“I inherited about $100,000 worth of stock a few years ago. I have used some of it in the past, but did not buy or sell any stock in 2012 at all. Do I have to do do anything about this when I file my taxes?”====> “You have used some of it in the past ????”===>What d’you mean by this????? Assume that if you transfered the inherited securities into your retirement plan, i.e., IRA at any time, as if it were any regular investment account and if you used the money on your IRA to trade stocks, then, you don't report stock transactions within an IRA; there is no requirement for reporting and a regular IRA since the taxable amount is determined at distribution instead of letting your IRA be managed by some institution, So, UNLESS you received 1099B for reporting income from brokered or bartered transactions, such as the sale of stocks, you do not need to repot it.;a broker or brokerage firm is required to send the form to each person for whom he has processed a sale. Taxpayers who receive this document must file a 1040 Form. They also must complete form 8949/ Sch D, which outlines capital gains and losses, including those listed on the 1099-B. Any taxable income from the sale of a brokered asset, such as stocks, bonds or commodities, must be reported on SchD/ form 8949, even if it does not appear on the 1099-B.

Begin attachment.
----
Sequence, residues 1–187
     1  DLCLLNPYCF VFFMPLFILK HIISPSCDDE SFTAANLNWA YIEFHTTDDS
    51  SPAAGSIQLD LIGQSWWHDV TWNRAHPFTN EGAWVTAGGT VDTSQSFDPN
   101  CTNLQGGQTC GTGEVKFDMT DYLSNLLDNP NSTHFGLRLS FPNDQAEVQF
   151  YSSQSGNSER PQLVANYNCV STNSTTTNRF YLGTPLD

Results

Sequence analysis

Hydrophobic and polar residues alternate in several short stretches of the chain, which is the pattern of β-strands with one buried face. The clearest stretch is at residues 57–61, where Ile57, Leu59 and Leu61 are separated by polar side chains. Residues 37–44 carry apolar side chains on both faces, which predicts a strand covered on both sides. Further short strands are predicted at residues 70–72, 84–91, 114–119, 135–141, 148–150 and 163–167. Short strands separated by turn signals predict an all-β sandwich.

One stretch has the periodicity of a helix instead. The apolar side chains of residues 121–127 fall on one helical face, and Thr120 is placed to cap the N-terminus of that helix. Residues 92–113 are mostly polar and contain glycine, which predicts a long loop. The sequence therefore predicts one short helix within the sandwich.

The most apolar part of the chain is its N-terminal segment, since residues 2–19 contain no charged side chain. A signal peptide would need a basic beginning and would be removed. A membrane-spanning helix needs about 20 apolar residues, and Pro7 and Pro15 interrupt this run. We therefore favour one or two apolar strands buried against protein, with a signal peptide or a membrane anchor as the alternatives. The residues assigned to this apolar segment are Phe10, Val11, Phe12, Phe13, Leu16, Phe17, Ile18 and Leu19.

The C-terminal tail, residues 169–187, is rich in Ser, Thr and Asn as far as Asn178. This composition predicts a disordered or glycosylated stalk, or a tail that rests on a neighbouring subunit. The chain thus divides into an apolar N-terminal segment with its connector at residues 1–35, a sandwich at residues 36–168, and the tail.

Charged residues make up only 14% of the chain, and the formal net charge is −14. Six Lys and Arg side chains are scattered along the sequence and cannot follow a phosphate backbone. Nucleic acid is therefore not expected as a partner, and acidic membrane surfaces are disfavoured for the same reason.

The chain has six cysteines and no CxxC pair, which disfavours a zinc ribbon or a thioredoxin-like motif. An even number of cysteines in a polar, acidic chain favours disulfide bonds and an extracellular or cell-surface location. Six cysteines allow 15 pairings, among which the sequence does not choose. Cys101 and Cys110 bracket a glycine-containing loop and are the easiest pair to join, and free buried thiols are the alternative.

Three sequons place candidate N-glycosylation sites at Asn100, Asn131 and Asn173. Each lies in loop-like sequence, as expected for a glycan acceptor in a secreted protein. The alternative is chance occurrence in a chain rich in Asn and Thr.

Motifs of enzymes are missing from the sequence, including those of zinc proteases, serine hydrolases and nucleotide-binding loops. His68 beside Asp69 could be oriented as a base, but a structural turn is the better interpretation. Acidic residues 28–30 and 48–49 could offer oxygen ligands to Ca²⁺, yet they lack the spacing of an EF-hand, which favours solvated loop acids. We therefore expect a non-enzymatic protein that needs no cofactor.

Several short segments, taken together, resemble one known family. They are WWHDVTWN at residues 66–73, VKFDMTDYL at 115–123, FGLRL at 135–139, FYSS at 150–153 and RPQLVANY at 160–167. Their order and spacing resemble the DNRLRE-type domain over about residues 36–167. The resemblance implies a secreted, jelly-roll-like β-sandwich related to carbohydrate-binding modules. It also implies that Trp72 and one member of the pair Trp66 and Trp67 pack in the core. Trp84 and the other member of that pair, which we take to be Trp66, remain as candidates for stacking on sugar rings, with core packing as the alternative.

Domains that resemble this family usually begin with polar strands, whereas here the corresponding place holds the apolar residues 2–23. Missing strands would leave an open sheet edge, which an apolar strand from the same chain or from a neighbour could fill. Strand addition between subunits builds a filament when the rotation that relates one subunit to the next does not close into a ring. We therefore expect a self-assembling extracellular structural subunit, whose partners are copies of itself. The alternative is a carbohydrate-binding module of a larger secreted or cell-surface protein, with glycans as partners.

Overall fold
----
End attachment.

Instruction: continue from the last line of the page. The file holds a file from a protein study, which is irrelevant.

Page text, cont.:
“ I'm hoping it does not count as "income" since I did not actually sell any of it or get real money out of it this year, I just happen to own it.”=======>as described above.